Scientific fields like astrophysics and medicine provide poignant examples of dealing with data on a massive scale. Astronomers run galaxy formation simulations where each “snapshot” can exceed 25 terabytes. Genomics scientists use visualizations to search for patterns, in the context of a single human genome containing 100 gigabytes of data, on the quest for personalized medicine. Even in settings where the data isn’t quite so massive, visualization still helps to analyze statistics over long periods of time. In professional and collegiate sports, for example, coaches use data visualization of single-game, season or career statistics for scouting and player development. Like scientists and athletic directors, manufacturing design teams should expand their thinking to include very large data sets to optimize their business operations; visualization can help with that.
“Nine Year Microwave Sky” – The detailed, all-sky picture of the infant universe created from nine years of WMAP data. By NASA / WMAP Science Team [Public domain], via Wikimedia Commons.
Besides adeptly handling massive data, data visualization can also be very useful in settings where the data and its observers can interact, in a 2-way data flow. Nowhere is this more useful than in observing people themselves. The field of education, for example, is making great strides using data visualization as a feedback tool to improve the education experience through customized teaching. At an education data visualization summit in 2014, US Department of Education executive Kathleen Styles noted “In the past, we’ve known our content. In the future, we’ll know our learners.” Manufacturing planners and executives, too, can think about what data their employees, customers or other stakeholders may be able to contribute in the quest for optimization and delivering value. Again, visualization can be an elegant and expedient way of observing such data and making it useful.
Finally, and perhaps the most exciting, data visualization opens up abilities to analyze data in a growing number of new ways; and these abilities evolve every day. Economists and demographers are employing “data cartography”, creating new maps along political, economic and other societal axes instead of geographical ones. Pew Research’s grand “Next America” project provides engaging visuals to illustrate the dramatic transformation of the US population in terms of age and race. The basic tenet of insight is that non-obvious results are the key to finding value in data. Visualization, as a powerful means to uncover that insight, can make data meaningful, impactful and even inspiring.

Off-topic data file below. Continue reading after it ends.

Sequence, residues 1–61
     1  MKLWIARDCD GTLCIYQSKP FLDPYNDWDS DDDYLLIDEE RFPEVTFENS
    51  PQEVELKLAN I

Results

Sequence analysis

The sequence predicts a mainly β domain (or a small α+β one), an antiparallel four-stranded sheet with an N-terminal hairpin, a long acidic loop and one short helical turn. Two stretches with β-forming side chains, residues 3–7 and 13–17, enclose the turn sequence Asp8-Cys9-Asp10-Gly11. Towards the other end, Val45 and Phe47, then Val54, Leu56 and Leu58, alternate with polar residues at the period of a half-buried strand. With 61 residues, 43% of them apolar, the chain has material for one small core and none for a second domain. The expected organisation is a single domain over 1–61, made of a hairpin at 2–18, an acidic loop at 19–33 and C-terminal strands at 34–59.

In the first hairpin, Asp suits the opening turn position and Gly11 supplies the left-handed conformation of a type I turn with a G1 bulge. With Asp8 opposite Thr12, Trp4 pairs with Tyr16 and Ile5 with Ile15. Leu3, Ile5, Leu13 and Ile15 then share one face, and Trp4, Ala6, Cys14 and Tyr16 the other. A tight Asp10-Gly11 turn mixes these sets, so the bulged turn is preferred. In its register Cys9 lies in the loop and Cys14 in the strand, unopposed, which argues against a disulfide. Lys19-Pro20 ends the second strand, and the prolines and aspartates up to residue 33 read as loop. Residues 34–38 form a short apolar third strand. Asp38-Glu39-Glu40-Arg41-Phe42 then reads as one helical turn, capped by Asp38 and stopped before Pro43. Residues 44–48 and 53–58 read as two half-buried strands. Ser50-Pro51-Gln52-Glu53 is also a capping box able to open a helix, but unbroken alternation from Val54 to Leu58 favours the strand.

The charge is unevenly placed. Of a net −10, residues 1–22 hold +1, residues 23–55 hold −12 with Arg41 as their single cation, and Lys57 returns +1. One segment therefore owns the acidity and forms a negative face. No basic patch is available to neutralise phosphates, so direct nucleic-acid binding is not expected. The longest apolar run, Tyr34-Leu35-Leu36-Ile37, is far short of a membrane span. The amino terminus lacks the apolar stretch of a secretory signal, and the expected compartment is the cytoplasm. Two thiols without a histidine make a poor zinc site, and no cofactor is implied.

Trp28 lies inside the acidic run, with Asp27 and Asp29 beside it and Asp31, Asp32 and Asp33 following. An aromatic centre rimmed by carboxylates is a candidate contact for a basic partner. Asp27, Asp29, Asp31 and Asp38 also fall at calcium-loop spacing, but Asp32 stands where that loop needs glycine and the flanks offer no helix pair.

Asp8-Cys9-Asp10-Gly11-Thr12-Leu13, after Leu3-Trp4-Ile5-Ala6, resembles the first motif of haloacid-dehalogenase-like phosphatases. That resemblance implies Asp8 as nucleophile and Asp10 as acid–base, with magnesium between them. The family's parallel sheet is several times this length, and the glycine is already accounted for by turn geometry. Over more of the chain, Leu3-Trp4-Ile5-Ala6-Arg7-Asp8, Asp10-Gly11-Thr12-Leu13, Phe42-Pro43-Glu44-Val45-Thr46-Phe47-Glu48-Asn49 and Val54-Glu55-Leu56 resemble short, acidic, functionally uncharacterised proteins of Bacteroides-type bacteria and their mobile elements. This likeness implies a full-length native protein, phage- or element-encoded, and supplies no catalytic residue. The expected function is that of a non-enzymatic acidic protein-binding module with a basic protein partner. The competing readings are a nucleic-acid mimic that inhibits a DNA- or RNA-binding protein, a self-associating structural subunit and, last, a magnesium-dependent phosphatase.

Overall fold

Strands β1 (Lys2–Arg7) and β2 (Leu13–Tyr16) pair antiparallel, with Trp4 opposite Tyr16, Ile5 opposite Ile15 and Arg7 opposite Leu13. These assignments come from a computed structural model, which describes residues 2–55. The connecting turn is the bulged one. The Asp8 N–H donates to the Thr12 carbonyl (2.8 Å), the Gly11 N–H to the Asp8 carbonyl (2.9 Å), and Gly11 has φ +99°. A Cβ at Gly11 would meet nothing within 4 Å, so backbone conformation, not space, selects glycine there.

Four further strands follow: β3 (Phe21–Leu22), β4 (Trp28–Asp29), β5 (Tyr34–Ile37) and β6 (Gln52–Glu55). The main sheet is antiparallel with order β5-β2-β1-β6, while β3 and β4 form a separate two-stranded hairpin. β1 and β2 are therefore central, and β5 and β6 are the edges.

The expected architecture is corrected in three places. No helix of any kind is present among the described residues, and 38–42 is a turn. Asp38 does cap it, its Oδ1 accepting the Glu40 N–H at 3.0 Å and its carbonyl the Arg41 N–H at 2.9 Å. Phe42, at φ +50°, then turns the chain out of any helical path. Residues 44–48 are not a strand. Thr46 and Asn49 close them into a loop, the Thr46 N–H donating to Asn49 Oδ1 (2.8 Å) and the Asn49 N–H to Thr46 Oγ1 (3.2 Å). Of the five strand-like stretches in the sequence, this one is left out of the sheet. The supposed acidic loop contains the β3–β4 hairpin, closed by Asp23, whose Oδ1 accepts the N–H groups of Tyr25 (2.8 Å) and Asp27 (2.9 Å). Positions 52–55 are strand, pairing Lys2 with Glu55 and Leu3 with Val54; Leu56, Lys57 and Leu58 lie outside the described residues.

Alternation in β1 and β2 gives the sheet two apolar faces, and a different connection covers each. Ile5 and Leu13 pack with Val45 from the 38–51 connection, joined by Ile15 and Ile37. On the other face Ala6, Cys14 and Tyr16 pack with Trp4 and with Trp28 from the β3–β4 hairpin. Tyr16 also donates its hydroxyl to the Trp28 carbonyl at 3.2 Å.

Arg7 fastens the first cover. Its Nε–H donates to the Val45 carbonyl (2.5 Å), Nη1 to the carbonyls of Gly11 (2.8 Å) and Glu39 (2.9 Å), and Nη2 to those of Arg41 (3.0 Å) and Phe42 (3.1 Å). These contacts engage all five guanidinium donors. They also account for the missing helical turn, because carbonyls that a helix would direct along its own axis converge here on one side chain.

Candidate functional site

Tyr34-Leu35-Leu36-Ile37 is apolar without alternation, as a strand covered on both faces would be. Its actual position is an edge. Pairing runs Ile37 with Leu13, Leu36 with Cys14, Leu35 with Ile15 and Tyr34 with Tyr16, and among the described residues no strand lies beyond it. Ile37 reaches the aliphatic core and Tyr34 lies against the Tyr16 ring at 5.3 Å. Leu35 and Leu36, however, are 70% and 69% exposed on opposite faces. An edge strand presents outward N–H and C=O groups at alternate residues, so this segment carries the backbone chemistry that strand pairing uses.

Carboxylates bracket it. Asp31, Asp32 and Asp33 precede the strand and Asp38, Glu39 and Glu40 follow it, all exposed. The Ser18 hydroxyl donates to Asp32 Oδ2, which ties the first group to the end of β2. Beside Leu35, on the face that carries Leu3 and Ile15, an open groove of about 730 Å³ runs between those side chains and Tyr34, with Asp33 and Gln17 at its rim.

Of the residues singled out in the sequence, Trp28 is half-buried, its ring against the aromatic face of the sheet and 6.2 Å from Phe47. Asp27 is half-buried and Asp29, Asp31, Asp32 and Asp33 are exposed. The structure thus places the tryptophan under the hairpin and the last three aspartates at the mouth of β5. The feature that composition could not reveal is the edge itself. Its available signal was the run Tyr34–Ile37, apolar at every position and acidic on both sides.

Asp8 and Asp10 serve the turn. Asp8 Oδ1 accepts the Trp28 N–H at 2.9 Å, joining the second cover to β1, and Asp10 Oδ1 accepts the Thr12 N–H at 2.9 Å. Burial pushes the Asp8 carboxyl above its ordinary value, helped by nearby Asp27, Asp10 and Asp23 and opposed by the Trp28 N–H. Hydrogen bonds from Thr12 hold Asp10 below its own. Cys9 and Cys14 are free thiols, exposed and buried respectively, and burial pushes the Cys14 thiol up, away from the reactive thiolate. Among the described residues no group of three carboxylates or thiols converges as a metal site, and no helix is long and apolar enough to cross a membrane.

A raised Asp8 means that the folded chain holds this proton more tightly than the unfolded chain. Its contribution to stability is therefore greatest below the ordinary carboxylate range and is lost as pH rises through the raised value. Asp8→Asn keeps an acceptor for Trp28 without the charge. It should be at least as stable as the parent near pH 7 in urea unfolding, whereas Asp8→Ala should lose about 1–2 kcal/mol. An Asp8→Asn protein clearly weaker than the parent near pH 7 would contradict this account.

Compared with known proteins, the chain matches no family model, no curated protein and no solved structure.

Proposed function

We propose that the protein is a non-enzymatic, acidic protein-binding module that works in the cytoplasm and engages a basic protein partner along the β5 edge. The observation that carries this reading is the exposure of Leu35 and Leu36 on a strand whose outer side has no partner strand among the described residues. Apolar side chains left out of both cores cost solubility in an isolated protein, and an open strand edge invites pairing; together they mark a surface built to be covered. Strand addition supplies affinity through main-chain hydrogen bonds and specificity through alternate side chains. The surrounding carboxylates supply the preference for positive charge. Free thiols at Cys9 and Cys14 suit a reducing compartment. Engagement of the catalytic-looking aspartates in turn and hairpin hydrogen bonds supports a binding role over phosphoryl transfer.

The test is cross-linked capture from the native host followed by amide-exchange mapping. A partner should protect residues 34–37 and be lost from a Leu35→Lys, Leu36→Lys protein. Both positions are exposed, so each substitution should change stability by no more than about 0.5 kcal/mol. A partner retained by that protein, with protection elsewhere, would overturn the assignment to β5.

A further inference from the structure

Social Network – By Martin Grandjean [CC BY-SA 3.0], via Wikimedia Commons.
The oldest of visualization technologies, simulation has made leaps and bounds since 1958’s fabled Tennis for Two rudimentary computer game. Today’s simulation technology can be found in fields as varied as healthcare and military to entertainment and disaster preparedness. Inextricably linked to modern engineering, simulation is vital to architectural and urban planning, as well as automotive and aviation R&D. But the real treasure (and what we are most excited about) lies in tying everything together in a holistic sense, comprehensive visualization. With comprehensive visualization, not only is it possible to render a virtual environment providing a complete view of once-disparate systems, but also to simulate processes in real time allowing for discovery of anomalies and nuances that impact desired outcomes. Comprehensive visualization is also a good way to observe a large space (like an enormous factory) with an eagle-eye view, much like data visualizations allows for observation of a large data set in a meaningful way. The value of such a tool in the planning process is immeasurable.